Silk shirts and ties.
Hop on the Skytrain (the only way to travel in hectic Bangkok) to Ratchadamri and head to Lumphini Park for a break from the frenetic pace of Chatuchak. The park is Bangkok’s lungs and is home to the city’s first public library. The gardens and boating lake offer a rare chance to completely relax and pause for breath in a frenetic city. In the winter months, the park plays host to classical music festivals.
Where to stay
Pathumwan Princess: a modern four-star right inside MBK – you don’t get any closer to the bargains.
Sofitel Silom: a sophisticated five-star hotel that is a peaceful haven in the chaos of Silom Road.
Buddy Lodge: one of many great cheap hotels in the Khao San Road area.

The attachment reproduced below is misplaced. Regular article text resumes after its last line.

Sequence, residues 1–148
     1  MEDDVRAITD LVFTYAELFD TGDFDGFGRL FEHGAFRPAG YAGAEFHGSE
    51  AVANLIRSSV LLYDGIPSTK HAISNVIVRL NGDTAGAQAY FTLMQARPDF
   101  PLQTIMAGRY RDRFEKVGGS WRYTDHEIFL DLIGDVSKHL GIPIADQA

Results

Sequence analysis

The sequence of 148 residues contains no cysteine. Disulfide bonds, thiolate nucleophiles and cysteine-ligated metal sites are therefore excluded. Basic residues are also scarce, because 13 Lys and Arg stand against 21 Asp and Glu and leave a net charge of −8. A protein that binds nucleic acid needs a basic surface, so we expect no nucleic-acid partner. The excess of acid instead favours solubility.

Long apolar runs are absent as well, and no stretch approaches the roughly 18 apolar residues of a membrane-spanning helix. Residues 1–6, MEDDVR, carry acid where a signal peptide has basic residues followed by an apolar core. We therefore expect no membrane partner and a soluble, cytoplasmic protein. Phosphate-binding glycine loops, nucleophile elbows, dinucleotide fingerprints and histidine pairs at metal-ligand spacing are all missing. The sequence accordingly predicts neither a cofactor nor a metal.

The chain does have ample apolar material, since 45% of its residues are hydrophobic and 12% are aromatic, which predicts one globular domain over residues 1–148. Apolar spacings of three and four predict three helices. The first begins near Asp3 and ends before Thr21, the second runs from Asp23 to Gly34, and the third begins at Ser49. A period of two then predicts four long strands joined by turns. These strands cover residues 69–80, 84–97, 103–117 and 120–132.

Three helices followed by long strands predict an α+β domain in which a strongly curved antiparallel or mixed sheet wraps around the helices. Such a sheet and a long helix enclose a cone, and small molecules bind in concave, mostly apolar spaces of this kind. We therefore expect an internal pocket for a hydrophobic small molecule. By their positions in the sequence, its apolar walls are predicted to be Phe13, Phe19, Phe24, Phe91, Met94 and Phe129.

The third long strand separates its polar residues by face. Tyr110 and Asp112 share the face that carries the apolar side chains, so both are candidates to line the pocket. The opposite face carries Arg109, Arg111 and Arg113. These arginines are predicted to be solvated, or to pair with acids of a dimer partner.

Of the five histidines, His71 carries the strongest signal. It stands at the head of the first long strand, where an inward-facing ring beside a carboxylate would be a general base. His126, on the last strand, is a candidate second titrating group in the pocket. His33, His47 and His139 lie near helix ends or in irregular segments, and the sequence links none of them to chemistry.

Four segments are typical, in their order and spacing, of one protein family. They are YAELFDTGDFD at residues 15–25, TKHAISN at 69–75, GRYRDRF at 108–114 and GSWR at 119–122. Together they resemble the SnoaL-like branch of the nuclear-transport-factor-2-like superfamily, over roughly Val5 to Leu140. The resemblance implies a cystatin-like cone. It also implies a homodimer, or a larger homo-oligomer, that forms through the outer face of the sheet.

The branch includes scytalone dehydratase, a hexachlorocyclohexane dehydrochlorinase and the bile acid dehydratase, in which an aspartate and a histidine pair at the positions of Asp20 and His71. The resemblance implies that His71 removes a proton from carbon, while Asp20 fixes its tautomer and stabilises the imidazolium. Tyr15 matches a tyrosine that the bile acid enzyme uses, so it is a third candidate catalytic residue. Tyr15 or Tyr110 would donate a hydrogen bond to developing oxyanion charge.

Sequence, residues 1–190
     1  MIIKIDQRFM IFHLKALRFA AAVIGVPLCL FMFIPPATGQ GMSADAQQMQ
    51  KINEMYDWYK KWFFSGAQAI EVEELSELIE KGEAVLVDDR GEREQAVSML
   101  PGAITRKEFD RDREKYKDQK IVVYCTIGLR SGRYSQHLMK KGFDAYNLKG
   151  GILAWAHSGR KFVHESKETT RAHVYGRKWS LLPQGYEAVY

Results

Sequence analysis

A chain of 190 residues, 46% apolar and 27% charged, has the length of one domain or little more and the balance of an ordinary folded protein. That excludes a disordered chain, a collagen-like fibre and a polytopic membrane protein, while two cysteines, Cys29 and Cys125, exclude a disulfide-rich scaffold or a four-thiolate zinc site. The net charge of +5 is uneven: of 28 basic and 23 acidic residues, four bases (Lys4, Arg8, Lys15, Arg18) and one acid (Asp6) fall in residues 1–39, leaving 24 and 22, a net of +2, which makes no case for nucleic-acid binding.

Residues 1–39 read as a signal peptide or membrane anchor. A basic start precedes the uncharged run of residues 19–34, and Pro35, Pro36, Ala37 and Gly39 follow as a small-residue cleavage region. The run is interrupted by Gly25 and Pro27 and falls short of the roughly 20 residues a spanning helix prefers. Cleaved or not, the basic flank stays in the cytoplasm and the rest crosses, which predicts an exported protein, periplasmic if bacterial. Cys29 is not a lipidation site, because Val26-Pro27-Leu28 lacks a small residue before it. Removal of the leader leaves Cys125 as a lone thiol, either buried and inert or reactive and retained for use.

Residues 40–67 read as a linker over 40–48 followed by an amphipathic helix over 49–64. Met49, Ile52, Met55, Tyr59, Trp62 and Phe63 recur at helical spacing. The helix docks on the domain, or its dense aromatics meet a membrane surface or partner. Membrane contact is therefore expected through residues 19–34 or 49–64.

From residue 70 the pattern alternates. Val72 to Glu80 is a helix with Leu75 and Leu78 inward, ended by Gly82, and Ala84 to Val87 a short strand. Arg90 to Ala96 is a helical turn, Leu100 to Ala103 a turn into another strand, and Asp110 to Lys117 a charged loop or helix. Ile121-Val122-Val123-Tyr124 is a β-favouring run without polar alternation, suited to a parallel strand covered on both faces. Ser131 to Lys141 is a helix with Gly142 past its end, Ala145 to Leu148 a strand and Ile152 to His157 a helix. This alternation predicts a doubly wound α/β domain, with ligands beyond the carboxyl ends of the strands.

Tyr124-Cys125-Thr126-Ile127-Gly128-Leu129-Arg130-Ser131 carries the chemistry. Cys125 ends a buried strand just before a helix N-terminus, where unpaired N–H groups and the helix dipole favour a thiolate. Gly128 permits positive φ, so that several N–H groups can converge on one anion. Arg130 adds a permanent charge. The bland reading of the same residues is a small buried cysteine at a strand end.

Siam City Hotel: a quality, centrally located four-star with some great rates.
The Oriental: history, elegance and class all come together at this riverside hotel.
Dream Hotel: one of the cool new kids on the block in trendy Sukhumvit Road
Where to drink
V9, Sofitel Silom: classy bar for the cool crowd, on the 39th floor.
Bamboo Bar, The Oriental: not a cheap choice but its old-world charm and fabulous cocktails more than make up for the prices.
Vertigo, Banyon Tree Hotel: an open-air bar on the 69th floor? Make sure you don’t have one too many!
Where to eat
Wild Orchid: fantastic cheap meals and cocktails close to Khao San Road. This is also a popular hostel.
Silom Village: take a table at any one of the restaurants in this small shopping and nightlife village and you’re assured a good meal.